I’ll just have to play through it a few more times and hope the nostalgia comes back in waves and hordes, hopefully then I’ll be able to find it slightly more palatable.
It’s not a bad game, it’s actually quite a good game, but I just think if you want a trip down memory lane with this game franchise, then just save yourself some time (and about £25) by downloading the first one instead. If you want to look back fondly on a game’s past, you go for Pokémon Red or Blue, not Leaf Green or Fire Red.
Some things shouldn’t be messed with, but if they are, they should be messed with sufficiently to make an adequate improvement. Maybe I’m just being narky because I don’t have plans for Valentines. Fuck the world.
★★☆☆☆

Hmm, well, I’m not really sure about this one. Usually I make a snap decision about a game and spend the rest of the time playing it trying to convince myself to be objective and form a well-rounded opinion.

For those of you who don’t know, Fable Anniversary is a remake of the original Fable, to celebrate its tenth anniversary; see what they did there? I always thought that the first Fable was my favourite out of the three, and I still think it is… I think. I’m just not sure anymore.

Don’t get me wrong, this is very much an improvement on the first game; the graphics, lighting and overall smoothness of the game is obviously improved. But that’s pretty much it. To me, they’ve basically given it a complete aesthetic make over, but then just gone “Well, it looks prettier, fuck it”.
I just feel like they could have done more with it, like, the ability to dual wield magic in the later games was awesome, so was the fact you could have a dog, and kids, and so many things. I understand it would have been a task, but if they could have adapted all of the improvements they made in the later game into the original, I think the whole experience would have come off a lot more nicely. And yes, I’m sure some purists love it the way it is, and that all the new things they put into the Fable series as the years went on were awful, but fuck them, they’re essentially wrong.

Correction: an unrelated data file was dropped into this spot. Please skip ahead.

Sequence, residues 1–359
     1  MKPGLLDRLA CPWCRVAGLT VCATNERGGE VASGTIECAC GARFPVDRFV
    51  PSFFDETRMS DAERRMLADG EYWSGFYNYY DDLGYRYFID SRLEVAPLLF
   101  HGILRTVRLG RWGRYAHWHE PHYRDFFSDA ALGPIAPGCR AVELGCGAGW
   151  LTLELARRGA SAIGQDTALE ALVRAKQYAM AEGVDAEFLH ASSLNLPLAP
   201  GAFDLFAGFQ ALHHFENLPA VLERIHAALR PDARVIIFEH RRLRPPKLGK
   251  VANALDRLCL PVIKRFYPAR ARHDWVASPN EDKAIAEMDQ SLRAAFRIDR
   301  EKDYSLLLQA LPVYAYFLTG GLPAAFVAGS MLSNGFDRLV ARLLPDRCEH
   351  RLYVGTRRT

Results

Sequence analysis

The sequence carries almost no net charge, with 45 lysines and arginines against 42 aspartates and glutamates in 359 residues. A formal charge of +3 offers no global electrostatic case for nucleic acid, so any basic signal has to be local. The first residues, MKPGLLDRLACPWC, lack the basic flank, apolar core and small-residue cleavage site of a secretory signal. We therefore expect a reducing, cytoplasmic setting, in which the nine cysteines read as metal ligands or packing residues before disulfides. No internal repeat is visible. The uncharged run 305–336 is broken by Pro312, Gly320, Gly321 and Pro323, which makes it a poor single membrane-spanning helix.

I’m not stupid; I understand what a re-make is. I just think they could have made a little more.
I get that you’ve got to stick to the bones of the first game, and avoid just making Fable 4 (which wouldn’t be awful to be fair), but if you stick to, say, the bones of your ex, and build them from the skeleton up to be a lot more attractive, they might still have that really annoying voice or still might be a total dickhead. Regardless of how much you might change how they look, sometimes you’ve got to go a little bit deeper than that.

I think I’m making it out to be a bad game, which it isn’t, it really isn’t. I think that when Fable first came out in 2004, it was great. It was new and exciting and depending on your choices, different shit happened. It was literally a milestone for mainstream gaming (I say mainstream because one of the designers Peter Molyneux had already had one or two games with similar ideas (such as Black And White) but none before Fable had the same level of exposure and success). There’s no doubt that this game inspired many games after it, but that’s kind of the point. The Fable formulae has been developed and improved, not only by Lionhead Studios, but by game developers world-wide. From the KOTOR series and the Mass Effect franchise, all the way to the more recent Dragon Age games, choices in game have such a massive role, and a lot of that is thanks to games like this.

Saying that, just because it’s one of the originals, doesn’t mean it’s the best. Sure, I think everyone’s thankful that some Homo erectus invented the wheel, but I doubt you’ll be rocking the “stone wheel” look on your car anytime soon.

Things change, things improve, and I think there’s room for re-makes for games, but just, better ones. Granted, the new version boasts a whole new save system and - wait for it - achievements! I know, applause and awe, right? Maybe I’m just not in a very nostalgic mood, but then again, I was when the game arrived, and it seems to knock me right out of it.